Paul Krugman Dismantles Trump's Delusional Healthcare Plans

While deciding what to rail about in his Friday column, Paul Krugman took some swipes at F.B.I. director James Comey, again, and at Trump's multifarious ethical disasters. "On the other hand, he’s also dangerously delusional about policy," Krugman suggests, before landing on his main topic, the President-elect's simplistic notions about healthcare. This week featured Trump's crazy assertions about repealing and replacing Obamacare, "possibly on the same day," with something supposedly “far less expensive and far better.” It just doesn't work like that. If it did, the G.O.P. would have come up with this magical plan long ago. 

In order to repeal Obamacare, however, Republicans have spent years propagating lies about it. "A prime example is the pretense that health reform hasn’t helped anyone," Krugman writes. "'Things are only getting worse under Obamacare,” declared Paul Ryan, the speaker of the House, last week. Yet the reality is that there has been a dramatic reduction in the number of Americans without insurance since reform went into effect — and an overwhelming majority of those covered by the new health exchanges are satisfied with their coverage."

One wonders how Ryan and his gang have been able to convince people of this lie. Krugman suggests that part of the answer is that some of the newly insured do not realize either that their coverage is through Obamacare, or that they will lose it when it's repealed.  "But that will change if repeal proceeds," he says. "For example, the percentage of nonelderly white adults without insurance fell by almost half from 2010 to 2016, from 16.4 to 8.7, a gain surely concentrated in the Trump-supporting white working class. Repeal would send that number right back up, and there would be no hiding the damage.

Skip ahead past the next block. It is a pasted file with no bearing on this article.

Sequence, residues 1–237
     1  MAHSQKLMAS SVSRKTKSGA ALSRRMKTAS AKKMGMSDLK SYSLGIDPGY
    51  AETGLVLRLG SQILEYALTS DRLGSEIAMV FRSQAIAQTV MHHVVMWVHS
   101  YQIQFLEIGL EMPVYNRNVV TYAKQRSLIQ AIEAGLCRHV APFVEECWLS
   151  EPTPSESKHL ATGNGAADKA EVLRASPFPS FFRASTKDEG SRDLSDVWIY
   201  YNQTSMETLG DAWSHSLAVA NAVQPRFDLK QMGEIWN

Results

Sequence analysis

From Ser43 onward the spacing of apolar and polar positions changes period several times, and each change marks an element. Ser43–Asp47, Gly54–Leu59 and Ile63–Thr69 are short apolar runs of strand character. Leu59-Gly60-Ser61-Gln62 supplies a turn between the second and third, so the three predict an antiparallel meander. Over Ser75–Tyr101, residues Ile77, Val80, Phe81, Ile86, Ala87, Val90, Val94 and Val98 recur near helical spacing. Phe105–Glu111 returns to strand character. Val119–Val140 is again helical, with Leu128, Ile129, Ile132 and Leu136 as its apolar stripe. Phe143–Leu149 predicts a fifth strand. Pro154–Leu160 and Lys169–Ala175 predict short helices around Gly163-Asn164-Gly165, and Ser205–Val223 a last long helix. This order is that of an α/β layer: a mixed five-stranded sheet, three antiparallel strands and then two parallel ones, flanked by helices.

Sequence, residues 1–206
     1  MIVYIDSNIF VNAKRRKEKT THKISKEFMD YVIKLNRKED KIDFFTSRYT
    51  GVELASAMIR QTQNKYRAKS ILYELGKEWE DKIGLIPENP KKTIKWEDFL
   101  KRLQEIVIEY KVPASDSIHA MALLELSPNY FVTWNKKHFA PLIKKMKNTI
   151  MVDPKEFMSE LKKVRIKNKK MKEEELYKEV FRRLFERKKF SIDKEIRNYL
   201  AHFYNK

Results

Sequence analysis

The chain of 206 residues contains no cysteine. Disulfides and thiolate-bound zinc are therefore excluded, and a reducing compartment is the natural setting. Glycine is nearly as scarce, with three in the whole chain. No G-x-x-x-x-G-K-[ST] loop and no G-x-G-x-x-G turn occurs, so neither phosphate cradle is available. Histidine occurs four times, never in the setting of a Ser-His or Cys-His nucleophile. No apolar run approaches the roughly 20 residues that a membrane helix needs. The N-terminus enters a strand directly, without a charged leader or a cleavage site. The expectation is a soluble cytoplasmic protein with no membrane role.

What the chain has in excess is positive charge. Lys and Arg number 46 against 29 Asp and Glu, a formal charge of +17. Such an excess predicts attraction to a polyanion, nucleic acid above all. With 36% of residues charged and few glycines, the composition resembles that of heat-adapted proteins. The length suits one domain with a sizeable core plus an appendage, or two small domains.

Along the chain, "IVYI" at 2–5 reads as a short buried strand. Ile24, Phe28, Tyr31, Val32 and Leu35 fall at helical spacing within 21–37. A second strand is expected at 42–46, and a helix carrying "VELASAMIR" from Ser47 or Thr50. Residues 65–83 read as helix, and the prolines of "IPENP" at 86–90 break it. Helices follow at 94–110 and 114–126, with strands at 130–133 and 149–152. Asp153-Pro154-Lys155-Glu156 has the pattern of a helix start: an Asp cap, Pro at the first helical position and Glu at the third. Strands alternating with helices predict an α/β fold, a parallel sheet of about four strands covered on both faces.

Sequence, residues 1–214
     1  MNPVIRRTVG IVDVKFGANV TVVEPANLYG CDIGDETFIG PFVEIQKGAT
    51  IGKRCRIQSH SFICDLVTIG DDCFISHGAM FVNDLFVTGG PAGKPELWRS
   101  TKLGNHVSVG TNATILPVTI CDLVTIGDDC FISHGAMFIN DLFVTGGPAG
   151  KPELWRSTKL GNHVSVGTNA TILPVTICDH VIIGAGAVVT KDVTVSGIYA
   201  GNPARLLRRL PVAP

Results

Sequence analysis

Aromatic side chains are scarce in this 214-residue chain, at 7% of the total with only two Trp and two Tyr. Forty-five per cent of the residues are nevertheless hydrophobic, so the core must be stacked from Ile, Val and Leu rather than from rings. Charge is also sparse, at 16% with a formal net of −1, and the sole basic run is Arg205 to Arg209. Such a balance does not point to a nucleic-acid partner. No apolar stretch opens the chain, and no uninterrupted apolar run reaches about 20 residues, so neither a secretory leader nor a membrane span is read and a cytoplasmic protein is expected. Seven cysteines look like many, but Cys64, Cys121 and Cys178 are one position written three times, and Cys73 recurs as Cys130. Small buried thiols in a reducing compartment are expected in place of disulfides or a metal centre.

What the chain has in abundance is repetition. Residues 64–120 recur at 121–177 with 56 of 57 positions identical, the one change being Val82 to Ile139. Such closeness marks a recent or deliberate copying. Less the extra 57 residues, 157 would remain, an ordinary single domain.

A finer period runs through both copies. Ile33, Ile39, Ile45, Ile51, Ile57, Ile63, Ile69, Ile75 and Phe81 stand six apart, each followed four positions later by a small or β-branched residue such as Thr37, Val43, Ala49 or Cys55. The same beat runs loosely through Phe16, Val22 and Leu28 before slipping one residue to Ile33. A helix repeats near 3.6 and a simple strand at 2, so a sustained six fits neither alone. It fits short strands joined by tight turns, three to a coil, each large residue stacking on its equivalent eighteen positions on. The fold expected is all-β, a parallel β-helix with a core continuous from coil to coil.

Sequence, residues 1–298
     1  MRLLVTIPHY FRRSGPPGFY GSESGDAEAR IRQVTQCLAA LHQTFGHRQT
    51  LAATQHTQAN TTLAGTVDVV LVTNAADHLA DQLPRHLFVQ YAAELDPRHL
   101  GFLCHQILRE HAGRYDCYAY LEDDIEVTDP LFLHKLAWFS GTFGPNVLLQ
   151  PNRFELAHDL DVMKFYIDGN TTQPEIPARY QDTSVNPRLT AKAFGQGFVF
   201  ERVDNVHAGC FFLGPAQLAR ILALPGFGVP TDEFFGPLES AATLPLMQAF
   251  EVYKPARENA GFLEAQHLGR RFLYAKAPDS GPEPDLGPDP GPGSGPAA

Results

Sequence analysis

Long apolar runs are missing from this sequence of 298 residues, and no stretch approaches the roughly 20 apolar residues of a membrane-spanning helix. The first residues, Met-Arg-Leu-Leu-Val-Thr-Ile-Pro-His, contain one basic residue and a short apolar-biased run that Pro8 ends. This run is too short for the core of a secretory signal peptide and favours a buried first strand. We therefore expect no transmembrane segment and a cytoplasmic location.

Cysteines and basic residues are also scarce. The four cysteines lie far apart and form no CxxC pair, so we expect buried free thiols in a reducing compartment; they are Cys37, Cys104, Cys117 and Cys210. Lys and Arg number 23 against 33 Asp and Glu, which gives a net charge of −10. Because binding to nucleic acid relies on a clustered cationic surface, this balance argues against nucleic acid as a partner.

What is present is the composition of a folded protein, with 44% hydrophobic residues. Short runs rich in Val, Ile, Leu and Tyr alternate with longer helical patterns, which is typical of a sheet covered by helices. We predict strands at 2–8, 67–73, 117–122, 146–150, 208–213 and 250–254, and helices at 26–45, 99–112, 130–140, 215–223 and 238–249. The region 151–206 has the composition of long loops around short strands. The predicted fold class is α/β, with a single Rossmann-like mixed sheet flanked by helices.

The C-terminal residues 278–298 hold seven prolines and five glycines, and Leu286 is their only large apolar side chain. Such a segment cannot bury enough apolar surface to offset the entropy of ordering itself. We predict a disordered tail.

The newly insured will suddenly be faced with soaring medical bills, rather than increased premiums. The Republicans and Trump have nada to offer to solve this oncoming trainwreck, except to the very wealthy. Krugman:

Republicans don’t have a health care plan, but they do have a philosophy — and it’s all about less. Less regulation, so that insurers can turn you down if you have a pre-existing condition. Less government support, so if you can’t afford coverage, too bad. And less coverage in general: Republican ideas about cost control are all about “skin in the game,” requiring people to pay more out of pocket (which somehow doesn’t stop them from complaining about high deductibles).

Implementing this philosophy would deliver a big windfall to the wealthy, who would get a huge tax cut from Obamacare repeal, and it would mean lower premiums for a relatively small number of currently healthy individuals — especially if they’re rich enough that they don’t need to worry about high deductibles.

When the whole healthcare debacle becomes evident, Republicans will cynically find a way to blame Democrats. Trump will simply move on to his next area of utter incompetence.


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